At its Dec. 14 Special Meeting, the Idyllwild Water District Board also received a report from former General Manager Tom Lovejoy, who has been consulting for the district in recent years.
Lovejoy described his work and recommendations on several projects, including the recycled water facility, replacement of pipelines and rehabilitation of the horizontal wells above Foster Lake.
The discussion of the proposed recycled water project captivated and surprised his audience. Lovejoy described its success as a “pipedream.” He said he has tried to discuss its merits and the unlikelihood of achieving the desired results with board members for several years.
“Over the past few months, I’ve been deeply disappointed, but recent days encourage me and I’m feeling much better today,” he began.
In Lovejoy’s opinion, the proposed recycling project, which was initiated nearly eight years ago, is not cost-effective for the district.
“There is insufficient demand [for the produced irrigation water],” he stated. “It wasn’t feasible during my tenure and the only difference is we’re eligible for a grant.”
One of his primary objections is the lack of analysis for the plant’s product and its costs. Lovejoy offered his estimates and stressed he had encouraged former General Manager Tom Lynch to authorize a formal review. “I never got straight answers,” he lamented.
In the vicinity of Idyllwild Pines, where IWD would store the recycled water, he identified five potential users — Idyllwild Arts, Idyllwild Pines Camp (although they have wells), Royal Pines, the Boy Scouts’ Camp Emerson and Riverside County Park. But collectively, based on current consumption, these customers would use barely 10 percent of the water produced.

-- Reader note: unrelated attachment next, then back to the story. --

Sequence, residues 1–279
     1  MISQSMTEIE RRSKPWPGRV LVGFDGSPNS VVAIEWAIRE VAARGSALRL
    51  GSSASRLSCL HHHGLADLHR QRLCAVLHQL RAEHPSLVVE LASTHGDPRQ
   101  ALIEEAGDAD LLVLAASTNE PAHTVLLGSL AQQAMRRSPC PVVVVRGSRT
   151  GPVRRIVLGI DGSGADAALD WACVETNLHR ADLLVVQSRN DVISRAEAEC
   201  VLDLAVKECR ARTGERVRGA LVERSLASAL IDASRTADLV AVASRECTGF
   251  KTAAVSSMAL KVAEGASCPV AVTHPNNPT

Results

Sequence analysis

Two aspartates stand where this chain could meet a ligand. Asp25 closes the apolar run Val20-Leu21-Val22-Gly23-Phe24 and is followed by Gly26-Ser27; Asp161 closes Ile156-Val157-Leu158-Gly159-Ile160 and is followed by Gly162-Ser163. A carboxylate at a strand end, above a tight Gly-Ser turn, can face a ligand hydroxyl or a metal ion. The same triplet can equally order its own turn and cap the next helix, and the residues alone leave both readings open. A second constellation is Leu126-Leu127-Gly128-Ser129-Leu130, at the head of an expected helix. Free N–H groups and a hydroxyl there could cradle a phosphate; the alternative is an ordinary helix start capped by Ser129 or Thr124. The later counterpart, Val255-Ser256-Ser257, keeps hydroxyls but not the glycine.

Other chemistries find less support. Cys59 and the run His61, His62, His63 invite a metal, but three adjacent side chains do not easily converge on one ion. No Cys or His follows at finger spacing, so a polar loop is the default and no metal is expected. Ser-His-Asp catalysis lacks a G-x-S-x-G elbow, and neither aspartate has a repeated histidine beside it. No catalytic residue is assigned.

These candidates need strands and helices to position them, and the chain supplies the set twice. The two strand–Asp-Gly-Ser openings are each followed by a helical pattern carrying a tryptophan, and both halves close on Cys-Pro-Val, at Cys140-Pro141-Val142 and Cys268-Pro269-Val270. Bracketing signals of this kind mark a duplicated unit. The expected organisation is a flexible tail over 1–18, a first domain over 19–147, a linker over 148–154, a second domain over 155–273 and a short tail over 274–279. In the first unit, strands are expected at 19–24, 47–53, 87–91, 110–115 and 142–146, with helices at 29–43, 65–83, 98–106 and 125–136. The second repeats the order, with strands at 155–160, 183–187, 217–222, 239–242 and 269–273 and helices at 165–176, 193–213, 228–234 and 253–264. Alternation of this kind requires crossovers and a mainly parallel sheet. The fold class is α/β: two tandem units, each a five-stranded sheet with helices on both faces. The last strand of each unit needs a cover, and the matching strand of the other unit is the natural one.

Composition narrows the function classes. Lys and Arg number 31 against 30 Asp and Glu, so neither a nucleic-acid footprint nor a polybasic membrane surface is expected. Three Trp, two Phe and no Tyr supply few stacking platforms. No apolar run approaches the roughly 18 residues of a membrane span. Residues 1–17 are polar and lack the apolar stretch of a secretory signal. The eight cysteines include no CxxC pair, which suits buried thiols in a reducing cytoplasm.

Lovejoy estimated that project costs would approach $4 million, twice the district’s preliminary and current estimate, for which the grant and loan was justified. He thinks the district might have actual costs of nearly $3 million
Overall the cost to produce the recycled water would be about 50 cents per cubic foot, but its sales value would be limited to less than 6 cents per cubic foot. District customers would be subsidizing the facility for years, he stated.
“It makes no sense. It’s a pipedream,” he asserted. “Every time I met with the general manager I told him he was living in a dream world.”
Even changing several assumptions, Lovejoy claimed the overall results were not different.
“My recommendation is don’t spend any more money until you decide it’s cost effective,” he concluded.
He also confirmed that the state has told the district that the recycled water could not be stored in Foster Lake.
“It’s not prudent and not possible to re-charge Foster Lake,” Lovejoy told the board.
In his opinion, IWD could invest less money searching for and drilling for new wells to more successfully augment the district’s water supply.
Lovejoy did recommend continuing with the pipeline replacement project and rehabilitating the horizontal wells.